It has been a bad year for Philadelphia taxi drivers.
Since ride-sharing company Uber launched in the city last October, the number of trips in traditional cabs is down 7.5 percent compared with the previous 12 months. Total revenue is also off 7 percent, according to data provided by the Philadelphia Parking Authority, which regulates the fleet of 1,600 medallion taxis.
“I think what that shows is before Uber entered the market, there really weren’t transportation options out there meeting the consumer demand,” said Uber spokesman Taylor Bennett. “When we entered — offered a new alternative — something that was easy, convenient and safe, and reliable every time you needed it, consumers spoke, and they spoke with their fingertips requesting those rides.”
Uber reported completing “millions” of trips during the past year, and says it now has 12,000 drivers operating in the city.
All this success, despite the fact that ride-sharing remains illegal within Philadelphia.
“It’s been hurting drivers since Day 1,” said Danielle Friedman, general counsel for the Pennsylvania Taxi Association, which represents more than 1,000 taxi drivers.
“There’s so many cars on the road, there’s too much competition, and everyone is just getting a smaller piece of the pie.”
The PPA has fought ride-sharing’s entry into the city, organizing sting operations involving mounted police and filing lawsuits. Cabbies have also organized around the issue, comparing Uber drivers with bootleggers for their brazen defiance of the law.
Legislation now working its way through Harrisburg would legalize and regulate ride-sharing statewide. Sen. Camera Bartolotta, the lead sponsor, said it’s a service people want, especially in rural areas and neighborhoods traditionally underserved by taxis.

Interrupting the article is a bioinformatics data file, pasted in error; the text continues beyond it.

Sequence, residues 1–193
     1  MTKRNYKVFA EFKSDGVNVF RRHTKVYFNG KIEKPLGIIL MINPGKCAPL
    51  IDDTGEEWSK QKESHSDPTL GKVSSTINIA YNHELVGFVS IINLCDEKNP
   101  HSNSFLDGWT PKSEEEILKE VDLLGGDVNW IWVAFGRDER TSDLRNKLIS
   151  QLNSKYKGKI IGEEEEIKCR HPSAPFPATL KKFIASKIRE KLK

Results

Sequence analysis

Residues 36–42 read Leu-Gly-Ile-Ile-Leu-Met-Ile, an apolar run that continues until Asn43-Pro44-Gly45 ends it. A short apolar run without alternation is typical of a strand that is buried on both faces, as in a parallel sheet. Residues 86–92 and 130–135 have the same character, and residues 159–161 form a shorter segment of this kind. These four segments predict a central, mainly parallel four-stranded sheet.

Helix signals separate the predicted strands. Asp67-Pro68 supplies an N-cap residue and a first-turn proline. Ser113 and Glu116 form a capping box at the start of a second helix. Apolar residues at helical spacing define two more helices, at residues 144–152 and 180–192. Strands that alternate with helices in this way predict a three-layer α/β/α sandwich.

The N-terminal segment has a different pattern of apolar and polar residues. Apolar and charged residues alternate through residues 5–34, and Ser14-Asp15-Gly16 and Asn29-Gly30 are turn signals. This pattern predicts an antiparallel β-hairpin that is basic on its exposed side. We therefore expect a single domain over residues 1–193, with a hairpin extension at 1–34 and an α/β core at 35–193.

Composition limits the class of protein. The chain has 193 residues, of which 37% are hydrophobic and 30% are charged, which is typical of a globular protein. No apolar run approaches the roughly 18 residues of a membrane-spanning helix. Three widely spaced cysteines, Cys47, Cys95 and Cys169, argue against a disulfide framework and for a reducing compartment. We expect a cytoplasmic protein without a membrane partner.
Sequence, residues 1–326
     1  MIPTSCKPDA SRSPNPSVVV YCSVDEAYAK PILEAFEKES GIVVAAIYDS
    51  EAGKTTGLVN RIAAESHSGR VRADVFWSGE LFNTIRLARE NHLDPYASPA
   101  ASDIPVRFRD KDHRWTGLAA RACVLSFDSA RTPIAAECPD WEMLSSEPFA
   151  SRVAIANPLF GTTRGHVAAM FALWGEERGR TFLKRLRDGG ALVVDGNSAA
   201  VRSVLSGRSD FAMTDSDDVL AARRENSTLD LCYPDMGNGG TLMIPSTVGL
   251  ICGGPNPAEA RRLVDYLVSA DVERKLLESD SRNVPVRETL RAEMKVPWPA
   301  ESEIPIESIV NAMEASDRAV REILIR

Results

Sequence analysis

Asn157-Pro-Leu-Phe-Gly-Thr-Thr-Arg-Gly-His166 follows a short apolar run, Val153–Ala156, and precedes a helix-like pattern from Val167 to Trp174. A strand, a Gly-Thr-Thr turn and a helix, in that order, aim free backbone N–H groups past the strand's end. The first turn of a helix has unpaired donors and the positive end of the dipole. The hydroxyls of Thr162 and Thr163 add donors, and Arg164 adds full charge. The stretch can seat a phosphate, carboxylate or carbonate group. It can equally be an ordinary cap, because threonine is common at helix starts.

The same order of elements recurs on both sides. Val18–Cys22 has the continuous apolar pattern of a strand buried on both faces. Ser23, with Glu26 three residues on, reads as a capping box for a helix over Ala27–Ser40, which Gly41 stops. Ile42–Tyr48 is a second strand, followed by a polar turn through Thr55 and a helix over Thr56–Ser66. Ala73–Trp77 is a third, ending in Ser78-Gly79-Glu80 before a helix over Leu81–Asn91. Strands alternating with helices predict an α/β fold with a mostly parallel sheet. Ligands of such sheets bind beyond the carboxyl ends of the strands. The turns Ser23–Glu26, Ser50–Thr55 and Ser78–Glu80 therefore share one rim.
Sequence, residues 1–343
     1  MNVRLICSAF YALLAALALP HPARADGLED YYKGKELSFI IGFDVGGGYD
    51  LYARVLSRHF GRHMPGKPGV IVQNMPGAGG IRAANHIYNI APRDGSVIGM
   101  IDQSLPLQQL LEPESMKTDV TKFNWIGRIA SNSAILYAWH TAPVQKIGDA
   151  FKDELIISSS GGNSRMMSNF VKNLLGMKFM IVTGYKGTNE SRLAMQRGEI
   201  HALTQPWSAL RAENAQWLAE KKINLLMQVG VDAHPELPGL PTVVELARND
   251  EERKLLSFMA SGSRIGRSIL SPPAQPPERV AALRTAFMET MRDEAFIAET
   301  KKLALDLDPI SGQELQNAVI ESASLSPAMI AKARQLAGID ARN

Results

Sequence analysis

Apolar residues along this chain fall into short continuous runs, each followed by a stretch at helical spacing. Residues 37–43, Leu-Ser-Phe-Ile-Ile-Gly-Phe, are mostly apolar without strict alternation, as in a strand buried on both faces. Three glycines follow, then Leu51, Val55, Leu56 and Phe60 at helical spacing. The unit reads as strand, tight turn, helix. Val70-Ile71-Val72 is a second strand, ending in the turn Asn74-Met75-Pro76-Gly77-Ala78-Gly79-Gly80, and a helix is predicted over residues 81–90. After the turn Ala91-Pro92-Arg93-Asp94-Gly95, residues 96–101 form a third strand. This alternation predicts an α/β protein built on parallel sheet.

“We have to make sure that the customers are protected. We need to make sure that the drivers have adequate insurance, and that they have a background check, so we aren’t putting consumers in jeopardy,” said Bartolotta, R-Washington.
The current version of the bill, which cleared a Senate committee Tuesday, would levy a 1 percent tax on all rides within Philadelphia, allotting two-thirds of the revenue to the city’s schools, with the balance going to the PPA.
Drivers for services including Uber and Lyft would also be prohibited from collecting passengers from Philadelphia International Airport, as well as from taxi stands around the city.
“There are places where their bread is buttered, and we are going to keep the [ride-sharing services] out of those situations,” said Bartolotta.
Still, Friedman with the Pennsylvania Taxi Association said that’s not enough to level the playing field. Cabs would still face additional regulations, such as the inability to surge prices when demand is high.
“Taxi cab drivers, taxi cab owners, are small, mom-and-pop businesses, and we are not $50 billion companies being backed by Wall Street. So I think fairness is really what’s at heart here,” she said.